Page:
GAA man recalls moment defibrillator saved his life
OVER 50 people from the Eglish and Benburb areas who trained with a local charity on the use of defibrillators have heard a first hand account of how it saved a young footballer’s life.
Seaghan Kearney from Dublin presented certificates to those who completed the Cormac Trust funded training and spoke about how a defibrillator saved his life in 2010 at a local GAA game.
“On 11th October 2010 I was playing football with some friends in my local GAA club. There was nothing different about the evening. It was just a normal Monday night trying to shake the cobwebs off from the weekend,” said Seaghan.
“However half way through the game my heart stopped and I collapsed in a heap on the ground. Thanks to some quick thinking from my friends, a defibrillator purchased off the back of the awareness by the Cormac Trust and a friend of mine, Terry O Brien, being trained in the use of that defibrillator, my life was saved from this incident of Sudden Adult Death Syndrome.”
“When I eventually came around in hospital, my family explained what happened to me. Coming out of my confused state I asked them was it something similar that had happened to Cormac McAnallen, remembering why the defibrillator was donated to my club. They told me it was.” “Immediately I decided to write a letter to the McAnallens to thank them for the awareness they undertaken after Cormac’s untimely death because after all, it was their courage and perseverance that had helped to save my life.”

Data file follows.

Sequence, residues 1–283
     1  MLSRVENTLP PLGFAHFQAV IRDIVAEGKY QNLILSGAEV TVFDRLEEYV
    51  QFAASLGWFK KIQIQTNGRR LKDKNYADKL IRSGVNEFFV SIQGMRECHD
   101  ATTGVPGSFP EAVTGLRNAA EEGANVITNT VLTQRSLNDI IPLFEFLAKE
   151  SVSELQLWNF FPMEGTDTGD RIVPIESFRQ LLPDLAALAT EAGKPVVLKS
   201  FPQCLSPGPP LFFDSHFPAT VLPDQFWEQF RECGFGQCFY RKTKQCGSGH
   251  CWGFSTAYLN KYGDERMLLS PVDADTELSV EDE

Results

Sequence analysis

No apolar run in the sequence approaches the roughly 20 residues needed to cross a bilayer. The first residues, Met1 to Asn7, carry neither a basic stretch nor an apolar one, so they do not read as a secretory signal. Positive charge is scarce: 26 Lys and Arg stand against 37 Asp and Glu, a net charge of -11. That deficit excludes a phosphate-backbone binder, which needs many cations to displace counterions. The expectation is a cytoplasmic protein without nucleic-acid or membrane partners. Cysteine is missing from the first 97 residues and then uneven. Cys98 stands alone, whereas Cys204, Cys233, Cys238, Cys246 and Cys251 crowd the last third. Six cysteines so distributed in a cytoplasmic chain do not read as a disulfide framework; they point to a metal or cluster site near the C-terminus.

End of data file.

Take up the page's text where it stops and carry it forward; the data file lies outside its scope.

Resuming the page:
After leaving hospital Seaghan contacted the McAnallen family, and arranged to meet up to share his story of how their dedication to raising awareness saved his life.
“By a strange coincidence the day after I got out of hospital, Ireland were playing Australia in the Compromised Rules series for the Cormac McAnallen Cup. I decided to make a few calls to see if I could contact the McAnallen’s thinking they might be in Dublin for the game.
“Through the jigs and the reels I managed to get a phone number and arranged to meet them before the game in Croke Park. It was a very emotional moment for me, meeting this family that I didn’t know yet who had helped to save my life through their willingness and bravery to prevent tragedies such as the one that had befallen their own son,” he said.
“In another unusual coincidence the local pharmacist that had donated my defibrillator passed us in Croke Park and came over to say hello.
“So as you can imagine it is a real pleasure for myself, my wife and my Mam and Dad to be here tonight with you and with the McAnallens.
Mr Kearney commended those present for dedicating their time to training and emphasised the important of ‘Community Responders’.
“..if my story taught any lessons it was that without Community Responders, people like yourselves, there would be no survivors of SADS or indeed Cardiac Arrests. You would hope that you never need to use your valuable skills but if you do, you will be someone’s best chance of survival because unfortunately it is unlikely an ambulance will be on the scene within the required four minutes.
“You never know but your skills may give someone a future just like I was given. “
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